This implies the existence of a vector field, whose strength determines |v| by being directly proportional to latitude and longitude. Whether this field rotates or not is immaterial. It must exert a force on our air molecule that produces an acceleration solely in the direction of the World's alleged rotation, and of a magnitude which varies according to position within the atmosphere (just as the gravitational field exerts a force whose effect is to cause acceleration toward the centre of the World). This is not the force of gravity, for that always acts towards the centre of the earth mass, and not in the direction of alleged rotation.

Clearly such a field does not exist, for if it did we would find it exceedingly difficult to travel in any direction other than around our particular parallel of latitude in an eastwardly direction. A field that is constantly acting to push air molecules into line will act likewise on all molecules in the atmosphere, whether they be part of aeroplanes, cars or ourselves.

This is also true if we accept for a moment the conventional physics explanation, that the atmosphere is governed by the 'law' of conservation of angular momentum. This would still produce the same effect, namely the tendency to drag everyone and everything in an easterly direction.

 

Geostatic (non-moving World) Model

Here the World does not move, so our molecule does not go from s1 to s2 but rather stays at s1. In order to achieve this objective we explicitly require there to be no force in this case.

Since there would be no field acting upon the air molecule, there would likewise be no force acting on us. This agrees with everyday experience.

 

Necessary characteristics of any Restoring Force

A comparison with the force of gravity is perhaps helpful.

The field of gravity is such that its strength at a point, s1, within the atmosphere is inversely proportional to (R + h)2. Such rapid decrease in field strength with altitude helps to ensure that our atmosphere is not compacted into a thin layer at sea level. In contrast, the strength of the supposed new field would be directly proportional to (R + h) and thus increase with altitude.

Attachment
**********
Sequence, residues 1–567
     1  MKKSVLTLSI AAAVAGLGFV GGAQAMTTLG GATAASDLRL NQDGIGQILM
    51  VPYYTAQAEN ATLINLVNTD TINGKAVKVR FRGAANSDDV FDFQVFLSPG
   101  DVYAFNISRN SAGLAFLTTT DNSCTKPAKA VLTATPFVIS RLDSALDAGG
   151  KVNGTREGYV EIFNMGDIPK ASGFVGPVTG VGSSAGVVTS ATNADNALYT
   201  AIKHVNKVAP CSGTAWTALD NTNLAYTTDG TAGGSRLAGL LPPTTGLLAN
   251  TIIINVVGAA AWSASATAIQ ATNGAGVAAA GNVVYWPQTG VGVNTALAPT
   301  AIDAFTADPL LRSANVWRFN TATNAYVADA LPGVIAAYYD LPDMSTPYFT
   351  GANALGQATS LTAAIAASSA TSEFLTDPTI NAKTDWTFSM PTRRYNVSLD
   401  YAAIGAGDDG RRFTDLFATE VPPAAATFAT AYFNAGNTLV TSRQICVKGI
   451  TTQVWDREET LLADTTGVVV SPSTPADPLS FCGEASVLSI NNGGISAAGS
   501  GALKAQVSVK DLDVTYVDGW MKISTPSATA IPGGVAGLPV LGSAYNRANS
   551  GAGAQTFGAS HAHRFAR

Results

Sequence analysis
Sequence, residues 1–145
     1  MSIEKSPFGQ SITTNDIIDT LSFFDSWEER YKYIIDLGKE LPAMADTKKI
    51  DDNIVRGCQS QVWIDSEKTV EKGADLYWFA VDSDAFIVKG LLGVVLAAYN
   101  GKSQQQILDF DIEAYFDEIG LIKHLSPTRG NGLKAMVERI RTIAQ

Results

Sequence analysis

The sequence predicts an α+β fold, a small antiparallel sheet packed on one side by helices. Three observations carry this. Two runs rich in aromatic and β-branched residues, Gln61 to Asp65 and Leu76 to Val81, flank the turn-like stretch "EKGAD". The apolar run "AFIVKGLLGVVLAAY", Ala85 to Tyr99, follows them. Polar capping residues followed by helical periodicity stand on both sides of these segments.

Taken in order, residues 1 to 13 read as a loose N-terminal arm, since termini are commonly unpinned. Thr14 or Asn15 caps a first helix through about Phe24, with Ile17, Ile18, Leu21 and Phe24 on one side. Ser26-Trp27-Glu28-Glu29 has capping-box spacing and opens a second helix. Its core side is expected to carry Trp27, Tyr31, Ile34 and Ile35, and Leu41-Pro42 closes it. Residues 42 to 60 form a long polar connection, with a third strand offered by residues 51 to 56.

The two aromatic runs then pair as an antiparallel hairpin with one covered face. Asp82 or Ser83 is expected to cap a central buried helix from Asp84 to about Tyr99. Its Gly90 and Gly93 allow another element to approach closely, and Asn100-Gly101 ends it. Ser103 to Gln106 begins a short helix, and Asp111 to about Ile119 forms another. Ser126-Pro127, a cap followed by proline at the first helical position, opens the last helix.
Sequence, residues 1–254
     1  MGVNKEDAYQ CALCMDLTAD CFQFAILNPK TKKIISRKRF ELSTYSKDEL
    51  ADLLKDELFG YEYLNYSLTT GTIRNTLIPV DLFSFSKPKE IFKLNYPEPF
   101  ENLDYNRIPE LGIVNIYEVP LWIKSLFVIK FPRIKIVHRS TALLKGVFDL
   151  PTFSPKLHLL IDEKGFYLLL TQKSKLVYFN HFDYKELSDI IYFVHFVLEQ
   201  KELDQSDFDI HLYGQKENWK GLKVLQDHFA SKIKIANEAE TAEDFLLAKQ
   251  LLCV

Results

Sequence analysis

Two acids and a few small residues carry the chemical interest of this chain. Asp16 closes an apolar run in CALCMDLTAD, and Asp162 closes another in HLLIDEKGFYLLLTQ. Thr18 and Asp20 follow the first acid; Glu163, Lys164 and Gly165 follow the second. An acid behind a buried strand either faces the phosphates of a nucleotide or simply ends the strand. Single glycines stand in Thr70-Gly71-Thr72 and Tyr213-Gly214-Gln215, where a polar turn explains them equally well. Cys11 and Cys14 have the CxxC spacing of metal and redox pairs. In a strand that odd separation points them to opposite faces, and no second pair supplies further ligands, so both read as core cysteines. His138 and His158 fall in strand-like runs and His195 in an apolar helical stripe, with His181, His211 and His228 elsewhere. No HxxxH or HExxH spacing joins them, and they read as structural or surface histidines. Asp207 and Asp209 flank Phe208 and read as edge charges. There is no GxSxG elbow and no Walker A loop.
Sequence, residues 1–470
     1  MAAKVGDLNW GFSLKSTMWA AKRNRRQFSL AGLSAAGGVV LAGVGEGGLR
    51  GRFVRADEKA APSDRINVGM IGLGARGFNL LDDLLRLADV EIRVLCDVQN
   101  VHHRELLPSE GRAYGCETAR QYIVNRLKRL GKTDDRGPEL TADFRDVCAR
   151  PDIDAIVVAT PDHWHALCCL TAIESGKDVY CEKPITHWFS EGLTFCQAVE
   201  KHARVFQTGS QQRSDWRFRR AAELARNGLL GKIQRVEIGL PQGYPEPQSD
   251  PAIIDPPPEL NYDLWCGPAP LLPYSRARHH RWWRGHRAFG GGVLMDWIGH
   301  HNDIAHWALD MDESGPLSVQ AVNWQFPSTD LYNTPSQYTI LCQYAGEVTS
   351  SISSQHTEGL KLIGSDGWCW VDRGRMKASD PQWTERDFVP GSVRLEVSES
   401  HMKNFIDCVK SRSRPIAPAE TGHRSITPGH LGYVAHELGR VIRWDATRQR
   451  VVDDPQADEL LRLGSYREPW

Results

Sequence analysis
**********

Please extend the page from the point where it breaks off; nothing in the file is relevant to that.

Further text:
The existence of a gravitational field is undeniable, since we all do work against its strength every day. Walking, running, jumping and so on all involve our muscles doing work against gravity (a force that pushes or pulls us back down onto the surface of the World). Our muscles pushing against a restoring field would experience resistence which would vary with the direction of motion, with latitude and with altitude. Experimental determination of the field strength of the hypothetical restoring force would enable the associated constant of proportionality to be found (just as the gravitational constant, G, was worked out).

 

Conclusion

The World either rotates or it doesn't.

If the World rotates, then its atmosphere must rotate, because we do not experience lethal windspeeds as a function of latitude. In this case, a restoring force is necessary to explain periods of local atmospheric calm. This field would have an effect on all material objects and would seriously restrict our daily motion in all but an eastwardly direction.

If the World does not rotate, then its atmosphere cannot rotate, and successive periods of local calm are caused in this case simply by decreasing kinetic energy (and linear momentum) of the air molecules as the magnitudes of their velocities are reduced by collisions. This requires the absence of any rotational field and also the absence of even a non-rotating vector field (which would make itself apparent via atmospheric damping).

Unlike the field of gravity, there exists no evidence to support the idea of a restoring vector field.

Since there is no restoring field, the World and its associated atmosphere cannot be rotating about an axis. Observations of daily celestial motion in this case show that the universe must be geostationary, or else geobounded.

(For a further discussion on the conservation of momentum, see the Laws of Physics page on this site.)

 

Acknowledgement

The ideas, questions and efforts of Gary Shelton were an initial source of motivation for this work.

 

Reference

  1. Smart, W.M., 1977, "Textbook on Spherical Astronomy," sixth ed., revised by R.M. Green, Cambridge University Press, Cambridge, England.